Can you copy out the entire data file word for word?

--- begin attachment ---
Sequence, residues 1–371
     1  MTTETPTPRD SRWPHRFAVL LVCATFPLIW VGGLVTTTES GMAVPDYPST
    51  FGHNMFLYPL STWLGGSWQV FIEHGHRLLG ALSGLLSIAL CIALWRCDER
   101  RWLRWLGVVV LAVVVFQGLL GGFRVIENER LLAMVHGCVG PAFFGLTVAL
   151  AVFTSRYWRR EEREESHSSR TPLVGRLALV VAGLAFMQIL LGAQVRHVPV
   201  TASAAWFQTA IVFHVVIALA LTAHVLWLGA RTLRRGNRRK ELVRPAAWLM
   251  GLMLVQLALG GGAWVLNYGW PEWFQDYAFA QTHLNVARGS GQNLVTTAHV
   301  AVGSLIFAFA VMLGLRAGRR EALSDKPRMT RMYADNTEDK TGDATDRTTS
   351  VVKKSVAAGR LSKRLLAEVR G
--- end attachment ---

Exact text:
Sequence, residues 1–371
     1  MTTETPTPRD SRWPHRFAVL LVCATFPLIW VGGLVTTTES GMAVPDYPST
    51  FGHNMFLYPL STWLGGSWQV FIEHGHRLLG ALSGLLSIAL CIALWRCDER
   101  RWLRWLGVVV LAVVVFQGLL GGFRVIENER LLAMVHGCVG PAFFGLTVAL
   151  AVFTSRYWRR EEREESHSSR TPLVGRLALV VAGLAFMQIL LGAQVRHVPV
   201  TASAAWFQTA IVFHVVIALA LTAHVLWLGA RTLRRGNRRK ELVRPAAWLM
   251  GLMLVQLALG GGAWVLNYGW PEWFQDYAFA QTHLNVARGS GQNLVTTAHV
   301  AVGSLIFAFA VMLGLRAGRR EALSDKPRMT RMYADNTEDK TGDATDRTTS
   351  VVKKSVAAGR LSKRLLAEVR G